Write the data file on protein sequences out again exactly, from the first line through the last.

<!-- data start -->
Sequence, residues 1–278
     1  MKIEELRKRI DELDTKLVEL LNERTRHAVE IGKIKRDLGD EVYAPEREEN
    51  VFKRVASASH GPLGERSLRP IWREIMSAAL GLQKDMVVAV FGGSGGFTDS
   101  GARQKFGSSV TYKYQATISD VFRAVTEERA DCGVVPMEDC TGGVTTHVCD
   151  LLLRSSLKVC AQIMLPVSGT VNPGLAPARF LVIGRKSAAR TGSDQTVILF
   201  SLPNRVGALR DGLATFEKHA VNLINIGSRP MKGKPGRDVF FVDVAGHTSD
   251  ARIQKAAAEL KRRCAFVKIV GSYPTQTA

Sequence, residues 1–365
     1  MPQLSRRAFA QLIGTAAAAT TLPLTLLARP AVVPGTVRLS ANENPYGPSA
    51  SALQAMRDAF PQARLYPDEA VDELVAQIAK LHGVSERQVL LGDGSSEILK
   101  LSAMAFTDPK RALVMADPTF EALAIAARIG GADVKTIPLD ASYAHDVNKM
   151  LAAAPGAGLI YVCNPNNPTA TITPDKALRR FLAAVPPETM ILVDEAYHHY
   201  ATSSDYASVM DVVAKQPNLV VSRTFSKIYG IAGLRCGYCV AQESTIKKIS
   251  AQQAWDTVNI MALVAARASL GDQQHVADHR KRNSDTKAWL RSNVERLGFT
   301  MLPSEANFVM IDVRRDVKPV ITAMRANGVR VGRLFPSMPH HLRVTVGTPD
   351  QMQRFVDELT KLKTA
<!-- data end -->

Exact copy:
Sequence, residues 1–278
     1  MKIEELRKRI DELDTKLVEL LNERTRHAVE IGKIKRDLGD EVYAPEREEN
    51  VFKRVASASH GPLGERSLRP IWREIMSAAL GLQKDMVVAV FGGSGGFTDS
   101  GARQKFGSSV TYKYQATISD VFRAVTEERA DCGVVPMEDC TGGVTTHVCD
   151  LLLRSSLKVC AQIMLPVSGT VNPGLAPARF LVIGRKSAAR TGSDQTVILF
   201  SLPNRVGALR DGLATFEKHA VNLINIGSRP MKGKPGRDVF FVDVAGHTSD
   251  ARIQKAAAEL KRRCAFVKIV GSYPTQTA

Sequence, residues 1–365
     1  MPQLSRRAFA QLIGTAAAAT TLPLTLLARP AVVPGTVRLS ANENPYGPSA
    51  SALQAMRDAF PQARLYPDEA VDELVAQIAK LHGVSERQVL LGDGSSEILK
   101  LSAMAFTDPK RALVMADPTF EALAIAARIG GADVKTIPLD ASYAHDVNKM
   151  LAAAPGAGLI YVCNPNNPTA TITPDKALRR FLAAVPPETM ILVDEAYHHY
   201  ATSSDYASVM DVVAKQPNLV VSRTFSKIYG IAGLRCGYCV AQESTIKKIS
   251  AQQAWDTVNI MALVAARASL GDQQHVADHR KRNSDTKAWL RSNVERLGFT
   301  MLPSEANFVM IDVRRDVKPV ITAMRANGVR VGRLFPSMPH HLRVTVGTPD
   351  QMQRFVDELT KLKTA